# A helium-filled balloon has a volume of 100 L at 25°C and 900 mmHg. What volume will it have at 180 kPa and 20°C?

Jun 30, 2016

The combined gas law holds that $\frac{{P}_{1} {V}_{1}}{T} _ 1 = \frac{{P}_{2} {V}_{2}}{T} _ 2$

#### Explanation:

The temperatures are quoted in $\text{degrees Kelvin}$. Of course, the twist introduced is the pressure value. We know that $1 \cdot a t m$ will support a column of mercury $760 \cdot m m$ high, and the pressure measurement here is $900 \cdot m m$. This is not very realistic, as no one would measure those pressures with a mercury manometer. (Why not? Well. have you ever tried to clean up a mercury spill? Putting mercury under pressure is just asking for trouble.)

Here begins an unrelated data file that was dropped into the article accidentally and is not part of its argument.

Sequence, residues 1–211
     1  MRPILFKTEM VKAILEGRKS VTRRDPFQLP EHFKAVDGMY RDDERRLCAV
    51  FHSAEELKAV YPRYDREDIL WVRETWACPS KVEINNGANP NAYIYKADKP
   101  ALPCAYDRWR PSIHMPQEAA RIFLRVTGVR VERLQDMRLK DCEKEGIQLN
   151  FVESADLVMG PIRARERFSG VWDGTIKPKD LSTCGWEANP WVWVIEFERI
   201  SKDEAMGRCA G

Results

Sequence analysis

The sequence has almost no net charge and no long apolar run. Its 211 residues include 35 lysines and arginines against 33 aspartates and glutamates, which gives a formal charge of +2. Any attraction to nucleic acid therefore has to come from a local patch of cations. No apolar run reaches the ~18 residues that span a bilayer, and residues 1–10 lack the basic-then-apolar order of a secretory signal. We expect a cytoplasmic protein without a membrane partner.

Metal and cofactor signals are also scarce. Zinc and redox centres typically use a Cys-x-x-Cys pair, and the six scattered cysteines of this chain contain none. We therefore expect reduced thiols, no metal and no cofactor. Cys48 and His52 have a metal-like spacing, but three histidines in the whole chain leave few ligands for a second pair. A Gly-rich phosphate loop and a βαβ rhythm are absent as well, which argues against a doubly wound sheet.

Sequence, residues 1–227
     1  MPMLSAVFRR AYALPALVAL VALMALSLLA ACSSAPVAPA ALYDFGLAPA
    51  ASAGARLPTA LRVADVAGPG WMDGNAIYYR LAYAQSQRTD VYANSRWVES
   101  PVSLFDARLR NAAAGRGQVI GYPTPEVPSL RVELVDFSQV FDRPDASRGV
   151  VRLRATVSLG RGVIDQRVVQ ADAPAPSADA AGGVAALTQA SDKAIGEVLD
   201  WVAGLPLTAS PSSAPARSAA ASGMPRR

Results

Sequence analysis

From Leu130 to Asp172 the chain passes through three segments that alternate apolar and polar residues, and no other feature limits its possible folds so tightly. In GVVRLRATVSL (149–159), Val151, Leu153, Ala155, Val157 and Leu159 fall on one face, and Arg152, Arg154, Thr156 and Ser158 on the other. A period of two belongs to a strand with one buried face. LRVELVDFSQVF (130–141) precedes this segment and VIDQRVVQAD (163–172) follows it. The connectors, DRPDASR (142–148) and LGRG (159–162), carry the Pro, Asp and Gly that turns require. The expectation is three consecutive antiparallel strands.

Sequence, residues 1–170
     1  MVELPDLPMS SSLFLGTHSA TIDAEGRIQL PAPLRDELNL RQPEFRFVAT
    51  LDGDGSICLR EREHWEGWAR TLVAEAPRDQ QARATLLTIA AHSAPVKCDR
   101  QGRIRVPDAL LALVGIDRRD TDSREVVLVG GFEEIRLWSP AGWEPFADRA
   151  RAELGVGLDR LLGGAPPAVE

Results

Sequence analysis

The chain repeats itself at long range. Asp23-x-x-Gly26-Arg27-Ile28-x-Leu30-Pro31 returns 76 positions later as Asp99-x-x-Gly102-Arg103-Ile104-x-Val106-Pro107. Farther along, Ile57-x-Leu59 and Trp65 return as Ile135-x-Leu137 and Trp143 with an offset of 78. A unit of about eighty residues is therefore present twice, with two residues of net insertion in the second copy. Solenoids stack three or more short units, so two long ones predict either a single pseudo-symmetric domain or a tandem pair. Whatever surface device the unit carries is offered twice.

Thus ${P}_{1} = 900 \cdot m m \cdot H g = \frac{900 \cdot m m \cdot H g}{760 \cdot m m \cdot H g \cdot a t {m}^{1}}$ $=$ $1.18 \cdot a t m$

And ${P}_{2} = 180 \cdot k P a = \frac{180 \cdot k P a}{101.32 \cdot k P a \cdot a t {m}^{-} 1}$ $=$ $1.78 \cdot a t m$

You now have consistent units, and I leave the calculation as an exercise.